According to both the media and players, Puig did not respect baseball. He was not a media darling, he was flashy on the field, he challenged pitchers, he made arrogant catches, he was late to games, he did not hustle. The list goes on. Anything that could be construed as a dis to baseball was taken as such. Yet, in the same time span, we saw Carlos Quinten charge the mound and spear-tackle Zack Greinke. When the Padres CEO insulted Greinke and his bout with anxiety, there was no outcry about the game being disrespected. Pitchers were beaning Dodgers, even beaning Yasiel Puig. When news broke about the Diamondbacks brass actively encouraging beanings against Puig and the Dodgers, it was taken as “part of the game.” In the same time span, another young, brash player was making headlines but in a different way: Bryce Harper. Just as cocky, just as flashy, just as exciting, Bryce Harper was never called out for disrespecting baseball. Instead the story was, “He’s young, he’ll iron out his kinks. Puig, on the other hand, has been a lost cause.”

In the hierarchy of tolerance, fans are at the top. If a player is helping their team win, then fans do not care what that player looks like. Players are a distant second. They understand that they may have to play alongside a player they did not like, but they can at least respect talent when they see it. The media is at the bottom of this list. There is an apparent lack of tolerance and acceptance towards players that are exciting but dark-skinned, non-English speaking. After years of relentless harrassment, Yasiel Puig as decided to tone down what made him a thrill to watch, his spirit.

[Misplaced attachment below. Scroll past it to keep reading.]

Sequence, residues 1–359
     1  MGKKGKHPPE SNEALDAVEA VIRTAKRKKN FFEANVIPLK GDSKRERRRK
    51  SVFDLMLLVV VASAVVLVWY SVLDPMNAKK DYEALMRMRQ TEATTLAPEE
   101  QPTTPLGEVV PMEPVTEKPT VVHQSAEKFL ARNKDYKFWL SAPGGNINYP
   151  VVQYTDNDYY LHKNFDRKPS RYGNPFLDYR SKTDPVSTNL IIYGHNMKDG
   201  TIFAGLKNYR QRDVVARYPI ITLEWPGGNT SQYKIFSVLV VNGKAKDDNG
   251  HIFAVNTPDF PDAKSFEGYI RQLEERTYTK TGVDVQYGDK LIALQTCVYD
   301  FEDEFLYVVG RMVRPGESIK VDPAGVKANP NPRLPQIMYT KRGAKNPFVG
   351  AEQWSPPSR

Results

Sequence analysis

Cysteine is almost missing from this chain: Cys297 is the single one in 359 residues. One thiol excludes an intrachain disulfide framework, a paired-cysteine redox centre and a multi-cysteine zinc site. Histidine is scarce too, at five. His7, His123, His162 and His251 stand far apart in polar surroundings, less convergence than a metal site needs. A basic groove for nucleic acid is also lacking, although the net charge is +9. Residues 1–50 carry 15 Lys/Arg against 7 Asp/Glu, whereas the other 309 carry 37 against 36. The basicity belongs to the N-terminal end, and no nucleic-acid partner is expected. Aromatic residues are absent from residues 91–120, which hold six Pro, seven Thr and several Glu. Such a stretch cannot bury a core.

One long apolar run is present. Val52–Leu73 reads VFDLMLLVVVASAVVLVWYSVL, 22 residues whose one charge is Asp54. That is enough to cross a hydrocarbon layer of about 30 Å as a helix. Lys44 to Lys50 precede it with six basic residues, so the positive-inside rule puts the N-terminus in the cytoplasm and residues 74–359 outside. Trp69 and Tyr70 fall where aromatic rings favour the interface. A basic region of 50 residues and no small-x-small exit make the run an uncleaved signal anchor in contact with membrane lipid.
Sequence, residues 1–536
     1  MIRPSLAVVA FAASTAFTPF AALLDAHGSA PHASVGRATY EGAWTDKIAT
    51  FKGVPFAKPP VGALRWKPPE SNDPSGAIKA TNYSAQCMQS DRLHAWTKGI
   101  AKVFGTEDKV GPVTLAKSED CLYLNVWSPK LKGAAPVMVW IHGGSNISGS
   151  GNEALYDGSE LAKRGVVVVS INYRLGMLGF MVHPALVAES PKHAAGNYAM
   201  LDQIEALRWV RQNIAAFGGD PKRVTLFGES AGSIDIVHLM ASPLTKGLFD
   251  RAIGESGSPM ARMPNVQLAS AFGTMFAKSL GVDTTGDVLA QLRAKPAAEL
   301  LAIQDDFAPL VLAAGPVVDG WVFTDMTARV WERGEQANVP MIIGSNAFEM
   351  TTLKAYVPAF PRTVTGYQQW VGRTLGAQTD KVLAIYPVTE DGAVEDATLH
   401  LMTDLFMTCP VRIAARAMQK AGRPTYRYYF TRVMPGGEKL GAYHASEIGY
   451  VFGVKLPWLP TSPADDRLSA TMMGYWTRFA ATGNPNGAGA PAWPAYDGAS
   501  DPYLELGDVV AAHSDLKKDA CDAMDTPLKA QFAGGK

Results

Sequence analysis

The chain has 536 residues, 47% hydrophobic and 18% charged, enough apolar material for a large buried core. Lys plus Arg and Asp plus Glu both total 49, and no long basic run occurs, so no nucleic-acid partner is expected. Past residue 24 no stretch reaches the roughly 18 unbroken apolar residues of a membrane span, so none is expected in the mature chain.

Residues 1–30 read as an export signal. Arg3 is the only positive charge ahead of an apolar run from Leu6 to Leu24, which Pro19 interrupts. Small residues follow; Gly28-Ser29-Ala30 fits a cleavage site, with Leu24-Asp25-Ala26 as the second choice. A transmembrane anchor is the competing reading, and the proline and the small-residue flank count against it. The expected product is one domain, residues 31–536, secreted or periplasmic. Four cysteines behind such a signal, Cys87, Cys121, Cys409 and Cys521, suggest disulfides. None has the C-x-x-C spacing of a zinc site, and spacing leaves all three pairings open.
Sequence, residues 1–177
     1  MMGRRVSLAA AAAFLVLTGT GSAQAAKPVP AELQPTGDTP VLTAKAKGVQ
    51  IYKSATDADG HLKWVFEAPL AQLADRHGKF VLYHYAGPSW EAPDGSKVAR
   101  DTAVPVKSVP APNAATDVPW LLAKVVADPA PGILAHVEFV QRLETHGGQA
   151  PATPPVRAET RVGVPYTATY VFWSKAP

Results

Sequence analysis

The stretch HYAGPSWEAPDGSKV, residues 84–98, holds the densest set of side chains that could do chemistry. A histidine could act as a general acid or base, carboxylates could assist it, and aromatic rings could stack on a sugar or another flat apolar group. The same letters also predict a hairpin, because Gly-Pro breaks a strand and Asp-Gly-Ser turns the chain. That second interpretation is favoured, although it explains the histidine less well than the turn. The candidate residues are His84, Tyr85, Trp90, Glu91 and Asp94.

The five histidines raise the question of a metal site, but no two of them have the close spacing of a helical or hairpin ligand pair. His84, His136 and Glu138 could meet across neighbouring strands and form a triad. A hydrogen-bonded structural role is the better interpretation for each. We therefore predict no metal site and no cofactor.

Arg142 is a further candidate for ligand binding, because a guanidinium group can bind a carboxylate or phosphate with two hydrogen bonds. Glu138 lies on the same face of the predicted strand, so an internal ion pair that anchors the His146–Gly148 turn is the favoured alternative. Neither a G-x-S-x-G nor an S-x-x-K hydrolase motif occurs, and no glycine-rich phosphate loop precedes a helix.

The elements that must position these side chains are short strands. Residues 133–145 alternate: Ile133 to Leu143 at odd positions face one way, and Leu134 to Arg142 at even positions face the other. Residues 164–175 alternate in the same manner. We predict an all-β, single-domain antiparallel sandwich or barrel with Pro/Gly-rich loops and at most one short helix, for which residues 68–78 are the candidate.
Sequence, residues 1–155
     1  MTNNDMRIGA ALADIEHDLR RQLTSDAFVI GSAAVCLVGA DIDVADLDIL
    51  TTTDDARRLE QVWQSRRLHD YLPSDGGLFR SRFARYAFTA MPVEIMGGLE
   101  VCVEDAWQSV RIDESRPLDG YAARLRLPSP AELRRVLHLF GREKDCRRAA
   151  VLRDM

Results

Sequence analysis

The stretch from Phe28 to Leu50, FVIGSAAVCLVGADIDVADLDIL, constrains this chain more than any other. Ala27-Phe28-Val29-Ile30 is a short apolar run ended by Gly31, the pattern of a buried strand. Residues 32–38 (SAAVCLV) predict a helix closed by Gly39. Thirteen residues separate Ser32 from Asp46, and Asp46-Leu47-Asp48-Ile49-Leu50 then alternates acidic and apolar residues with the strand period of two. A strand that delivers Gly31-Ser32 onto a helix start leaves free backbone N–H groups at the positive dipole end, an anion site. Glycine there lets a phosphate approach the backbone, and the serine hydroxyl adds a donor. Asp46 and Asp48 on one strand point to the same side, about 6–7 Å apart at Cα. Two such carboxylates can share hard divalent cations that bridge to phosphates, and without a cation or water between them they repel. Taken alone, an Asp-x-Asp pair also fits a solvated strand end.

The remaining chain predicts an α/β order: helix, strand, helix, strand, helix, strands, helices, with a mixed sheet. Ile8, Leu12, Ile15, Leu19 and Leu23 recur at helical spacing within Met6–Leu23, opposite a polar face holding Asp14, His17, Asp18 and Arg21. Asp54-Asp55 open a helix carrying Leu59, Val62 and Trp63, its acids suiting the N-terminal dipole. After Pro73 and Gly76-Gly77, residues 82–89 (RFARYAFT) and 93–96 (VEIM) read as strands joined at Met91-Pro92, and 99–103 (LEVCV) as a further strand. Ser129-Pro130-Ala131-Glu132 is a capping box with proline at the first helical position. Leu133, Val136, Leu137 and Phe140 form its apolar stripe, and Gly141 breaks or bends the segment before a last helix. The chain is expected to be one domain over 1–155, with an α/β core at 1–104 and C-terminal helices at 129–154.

Desparate to receive acceptance in the eyes of the media, Yasiel Puig has promised to show respect to the game. It is fitting that this occurred the day before Jackie Robinson day. Mr. Robinson had some choice words for the progress of Black people in America, and these words resound strongly given Puig’s acquiesence.

“It is not terribly difficult for the black man as an individual to enter into the white man’s world and be partially accepted. However, if that individual black man is, in the eyes of the white world, ‘an uppity nigger,’ he is in for a very hard time indeed.”


The media simply cannot handle a Black athlete outshining white athletes unless it is basketball because the media has relegated that sport to minority demographics. If a minority athlete outperforms in baseball, then he better learn to respect the game, i.e. learn to respect his place in a white sport among white athletes.

As fans of the Dodgers and of Yasiel Puig, it is our duty to show our support for him and his exuberance. As fans of a team that dared to challenge the status quo, we have an obligation to call out this bigoted attack on one of our star players. Enough is enough. We must not allow our beloved sport to be tarnished by such diatribe. To allow this rampant yet subtle racism to exist is the ultimate disrespect to the game.

Advertisements

Leave a Reply

Fill in your details below or click an icon to log in:

WordPress.com Logo

You are commenting using your WordPress.com account. Log Out / Change )

Twitter picture

You are commenting using your Twitter account. Log Out / Change )

Facebook photo

You are commenting using your Facebook account. Log Out / Change )

Google+ photo

You are commenting using your Google+ account. Log Out / Change )

Connecting to %s